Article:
Dates .... Monday Sept. 13 through Saturday Oct. 2, 1999
Miles .... 275 miles total 1999
From .... Mass Turnpike - southbound
To ......... Wind Gap PA
John and I spent 4 glorious days of indulgence at The Oceanside in Hampton Beach NH - three days of seafood festival. On the way home, John dropped me and my gear off at the AT where it crosses the Mass Pike and I was on the trail again. I planned to hike southbound on the AT through Massachusetts, through Connecticut - Salisbury, Falls Village, Cornwall Bridge, Kent and Bulls Bridge, then through the southeast corner of upstate New York - West Pawling, Fahnstock state park, Camp Smith, across the Hudson at Bear Mountain Bridge, through Bear Mountain and Harriman state park, through Sterling Forest and into Greenwood Lake. The AT continues along the NY-NJ border, less than 40 miles from NYC, through Wawayanda State Park, Unionville NY, High Point state park, the Stokes state forest, Delaware Water Gap National Recreation Area, and into Pennsylvania at Delaware Water Gap, on to Wind Gap PA where I concluded my last AT hike. Learning from the difficulties of the last trip, I had a more rugged, slightly larger pack, new boots plus a pair of sneakers, new sleeping bag liner and new stove.
My loaded pack weighed 42 pounds, with one week's food and 1 qt. of water. Each day until my U.S. Postal Service resupply, the pack weighed one pound less. At resupply points I received another week's supply of food, film, maps and guide for the section ahead, new batteries, soap and shampoo. I sent back exposed film, any extra food resulting from eating in towns along the trail, maps of the section completed along with my guide and notes for my journal. Ressuply points on this hike were Kent CT and Greenwood Lake NY, each approximately 1/3 of the way through my journey.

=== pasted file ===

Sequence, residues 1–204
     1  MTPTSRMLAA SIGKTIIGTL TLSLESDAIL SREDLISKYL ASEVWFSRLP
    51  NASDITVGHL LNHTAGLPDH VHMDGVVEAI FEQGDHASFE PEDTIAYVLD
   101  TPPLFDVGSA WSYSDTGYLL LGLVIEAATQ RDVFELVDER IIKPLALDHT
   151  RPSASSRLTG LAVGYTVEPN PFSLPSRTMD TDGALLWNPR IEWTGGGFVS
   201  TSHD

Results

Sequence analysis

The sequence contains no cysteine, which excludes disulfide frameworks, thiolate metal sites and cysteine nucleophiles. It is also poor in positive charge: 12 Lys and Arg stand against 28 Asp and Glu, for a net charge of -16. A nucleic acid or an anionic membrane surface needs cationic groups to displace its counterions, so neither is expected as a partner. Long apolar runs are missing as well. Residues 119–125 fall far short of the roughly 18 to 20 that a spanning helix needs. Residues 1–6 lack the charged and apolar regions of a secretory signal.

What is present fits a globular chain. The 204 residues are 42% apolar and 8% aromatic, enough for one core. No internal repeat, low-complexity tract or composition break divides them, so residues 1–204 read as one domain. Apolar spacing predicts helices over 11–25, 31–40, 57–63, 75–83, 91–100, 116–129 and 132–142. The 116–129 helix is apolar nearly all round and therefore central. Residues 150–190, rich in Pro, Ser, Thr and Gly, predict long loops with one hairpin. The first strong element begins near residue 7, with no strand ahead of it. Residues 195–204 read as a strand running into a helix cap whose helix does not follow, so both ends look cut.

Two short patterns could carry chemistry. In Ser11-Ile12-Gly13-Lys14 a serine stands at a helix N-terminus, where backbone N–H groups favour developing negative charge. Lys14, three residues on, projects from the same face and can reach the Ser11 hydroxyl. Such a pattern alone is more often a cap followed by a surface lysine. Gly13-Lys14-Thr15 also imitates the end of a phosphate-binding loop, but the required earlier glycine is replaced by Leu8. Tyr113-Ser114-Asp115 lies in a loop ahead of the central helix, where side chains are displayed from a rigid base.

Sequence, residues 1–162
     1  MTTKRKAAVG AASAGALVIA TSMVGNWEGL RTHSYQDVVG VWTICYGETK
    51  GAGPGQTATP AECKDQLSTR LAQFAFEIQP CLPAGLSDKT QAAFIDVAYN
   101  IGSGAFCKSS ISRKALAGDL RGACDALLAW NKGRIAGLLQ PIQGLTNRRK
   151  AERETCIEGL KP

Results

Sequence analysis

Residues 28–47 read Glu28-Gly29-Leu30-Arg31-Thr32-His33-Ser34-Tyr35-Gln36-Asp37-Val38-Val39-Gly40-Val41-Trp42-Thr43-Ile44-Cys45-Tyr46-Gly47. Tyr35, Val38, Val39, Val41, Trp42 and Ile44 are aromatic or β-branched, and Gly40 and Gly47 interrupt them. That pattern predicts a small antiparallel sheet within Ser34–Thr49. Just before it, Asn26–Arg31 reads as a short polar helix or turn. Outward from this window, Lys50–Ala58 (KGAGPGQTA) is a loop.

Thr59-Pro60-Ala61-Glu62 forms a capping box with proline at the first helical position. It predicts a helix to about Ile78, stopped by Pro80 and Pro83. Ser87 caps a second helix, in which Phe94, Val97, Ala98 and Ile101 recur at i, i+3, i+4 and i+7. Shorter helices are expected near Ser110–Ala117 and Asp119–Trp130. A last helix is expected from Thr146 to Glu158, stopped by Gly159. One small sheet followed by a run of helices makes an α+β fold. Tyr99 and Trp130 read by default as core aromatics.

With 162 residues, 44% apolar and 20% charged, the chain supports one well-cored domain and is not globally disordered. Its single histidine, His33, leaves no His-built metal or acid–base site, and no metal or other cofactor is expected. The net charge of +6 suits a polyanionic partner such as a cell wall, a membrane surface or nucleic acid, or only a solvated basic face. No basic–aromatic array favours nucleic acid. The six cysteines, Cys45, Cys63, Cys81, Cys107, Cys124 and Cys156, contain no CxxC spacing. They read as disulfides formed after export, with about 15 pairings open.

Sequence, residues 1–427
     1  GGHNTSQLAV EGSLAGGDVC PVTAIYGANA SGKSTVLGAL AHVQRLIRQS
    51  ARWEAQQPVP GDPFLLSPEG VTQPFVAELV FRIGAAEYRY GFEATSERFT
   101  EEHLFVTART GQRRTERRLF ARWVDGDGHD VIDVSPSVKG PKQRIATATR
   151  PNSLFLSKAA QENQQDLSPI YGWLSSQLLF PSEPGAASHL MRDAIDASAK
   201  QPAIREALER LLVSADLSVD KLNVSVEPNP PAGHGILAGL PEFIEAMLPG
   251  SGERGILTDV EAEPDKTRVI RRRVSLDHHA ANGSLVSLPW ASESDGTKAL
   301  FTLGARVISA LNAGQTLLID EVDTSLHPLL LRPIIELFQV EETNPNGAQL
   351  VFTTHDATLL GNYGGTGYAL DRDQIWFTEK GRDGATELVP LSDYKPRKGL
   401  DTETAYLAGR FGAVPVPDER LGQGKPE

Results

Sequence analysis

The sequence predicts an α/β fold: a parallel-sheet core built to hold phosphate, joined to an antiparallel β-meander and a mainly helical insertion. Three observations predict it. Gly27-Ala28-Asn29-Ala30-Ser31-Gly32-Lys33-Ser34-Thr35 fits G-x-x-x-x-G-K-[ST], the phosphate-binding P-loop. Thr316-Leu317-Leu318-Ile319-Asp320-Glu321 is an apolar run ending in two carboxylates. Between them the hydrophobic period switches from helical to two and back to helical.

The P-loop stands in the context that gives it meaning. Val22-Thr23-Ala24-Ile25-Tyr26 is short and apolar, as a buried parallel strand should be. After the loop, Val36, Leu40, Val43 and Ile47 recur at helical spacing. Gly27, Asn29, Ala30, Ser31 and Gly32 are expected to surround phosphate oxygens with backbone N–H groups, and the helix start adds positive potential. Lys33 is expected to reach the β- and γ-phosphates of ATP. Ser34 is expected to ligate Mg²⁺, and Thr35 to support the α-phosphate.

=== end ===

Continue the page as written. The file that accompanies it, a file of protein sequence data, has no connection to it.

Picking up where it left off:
Though technically alone, I soon found I was anything but. Hiking north to south, I was a "southbounder" and frequently found myself in the company of a constantly changing group of southbound through hikers going all the way from Maine to Georgia. I hiked a slower pace, especially up steep climbs, but longer days and generally took less "time off" from hiking (in town, visiting friends, etc.), so as these guys got ahead of me, I often found myself ahead of them at some point, having passed them, usually unknown, while they were off someplace. I often had fellow hikers in the shelters and along the trail and sometimes I opted to tent in the woods to avoid the crowds - which you'll understand later. Many times the shelters were full or near capacity.
This section of trail was widely varied in terrain and surprised me at its rugged beauty, especially as it curved around New York City. Indeed, at several points the trail was close enough to make out the NYC skyline in the distance and that proved an irresistible magnet for many thru hikers to take a big city break. Hikers "network" a lot and the trail crosses several points, and indeed has its own train station which provide commuter access to NYC. A hiker can ride into NYC, hook up with another hiker, friend of relative there and spend several days "off the trail". This was no temptation to me, for I am not known to be one that enjoys big cities.